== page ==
Popular German-language epitome of Bolognese astrologer and chiromancer Bartolommeo della Rocca Cocles's Chiromantie ac physionomie anastasis. Cocles discusses, in 23 short chapters, the fundamentals of physiognomy: the nature of the four principal "complexions" (humors), and how to determine the character of a person by not just facial features, but by the shape and dispositions of various parts of the body. Cocles notes that unlike chiromancy, which requires up-close and personal examination of a subject's palm, the art of physiognomy may be accomplished at a remove: a skilled practitioner can accurately assess character by examining a portrait or sculpture of a subject, or even by dissecting an oral or written description; in this sense Cocles's brand of physiognomy has much in common with the parascience of retrodiagnostics. Most compelling is the last chapter, which is devoted to graphology, or the analysis of handwriting to assess character. Cocles, also an astrologer and seer, got into a great deal of hot water in the late 15th century when he predicted the deaths of numerous powerful personnel at Bolognese court, the House of Bentivoglio, including that of Lord Giovanni II Bentivoglio's son, Ermes. Ermes survived Cocles's prediction that he would die in battle in 1504, and had the astrologer assassinated a few months after the man's book came out. (Ermes would persist for another nine years, finally drowning in a river in retreat from a skirmish in 1513.) Cocles's original text, published in Bologne in 1504, was a 327-page study of the physiognomic arts that fell out of favor after the author's death, but Cocles's teachings were revived in a short epitome by the German presses in 1510, being published by various printers every year through 1518. We have located two copies of our 1516 Knobloch edition in German libraries, and two in American institutions: Harvard and the National Library of Medicine. An English paraphrase of Cocles's epitome, by Thomas Hill, was published by John Wayland in London in 1556.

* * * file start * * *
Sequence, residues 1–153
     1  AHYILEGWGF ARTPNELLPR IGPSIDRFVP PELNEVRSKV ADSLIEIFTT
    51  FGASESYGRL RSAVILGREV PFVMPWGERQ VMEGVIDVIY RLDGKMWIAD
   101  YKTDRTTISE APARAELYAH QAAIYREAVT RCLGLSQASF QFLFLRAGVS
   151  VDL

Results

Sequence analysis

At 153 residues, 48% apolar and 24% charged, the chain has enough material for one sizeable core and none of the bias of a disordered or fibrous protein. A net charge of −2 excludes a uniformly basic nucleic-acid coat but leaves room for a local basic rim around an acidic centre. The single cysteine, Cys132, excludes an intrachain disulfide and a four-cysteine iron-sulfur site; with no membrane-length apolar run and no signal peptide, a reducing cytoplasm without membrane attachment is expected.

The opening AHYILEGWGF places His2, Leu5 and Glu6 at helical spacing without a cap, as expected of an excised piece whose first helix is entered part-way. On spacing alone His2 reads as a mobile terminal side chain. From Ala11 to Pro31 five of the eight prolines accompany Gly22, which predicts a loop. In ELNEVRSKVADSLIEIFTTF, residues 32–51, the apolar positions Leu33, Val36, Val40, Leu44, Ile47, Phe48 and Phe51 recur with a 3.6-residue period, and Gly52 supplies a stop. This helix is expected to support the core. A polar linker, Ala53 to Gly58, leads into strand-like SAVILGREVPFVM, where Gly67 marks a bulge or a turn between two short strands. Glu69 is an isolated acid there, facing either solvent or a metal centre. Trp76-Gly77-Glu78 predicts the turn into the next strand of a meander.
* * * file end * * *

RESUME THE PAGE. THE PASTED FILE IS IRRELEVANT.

Strasbourg: Joannes Knobloch, 1516.
Quarto, 209 x 144 x 6 mm (binding), 206 x 142 x 3 mm (text block). A8, B4, C4= 16 ff. Mid-20th-c vellum drummed over thin rigid boards. Endpapers of recovered manuscript material, c1850, though now faded and largely illegible. Interior: Title woodcut with old hand-coloring in transparent pink and yellow; title page soiled; 1/2-cm2-bit torn from fore-margin (where an old index tab was located); single wormhole pierces text block in tail margin (not near text); all leaves mended in head margin near gutter (not near text); scattered stains and soiling; paper flaw to tail fore-margin of A7. A modest but complete use-copy.
Modern penciled notes to front endpapers (Catalogue 11; 151 [circled]), clipping from an unidentified midcentury French bookseller's catalogue, upon which is penciled the remark "bibl. Himly," perhaps referring to Karl Gustav Himly, the noted Braunschweig-born ophthamologist who committed suicide in Göttingen in 1837, or possibly one of Himly's two sons, Ernst (a Göttingen anatomist) or Friedrich (a Kiel chemist), who died in 1881 and 1885 resp. Our pamphlet was at one time likely a member of a Sammelband: the numeral 2 is inked to head margin of title and, nearby, evidence of an index tab remains.
VD16 C4443; cf. Panzer 702; Weller 988 (noting there is a copy at Luzern KB).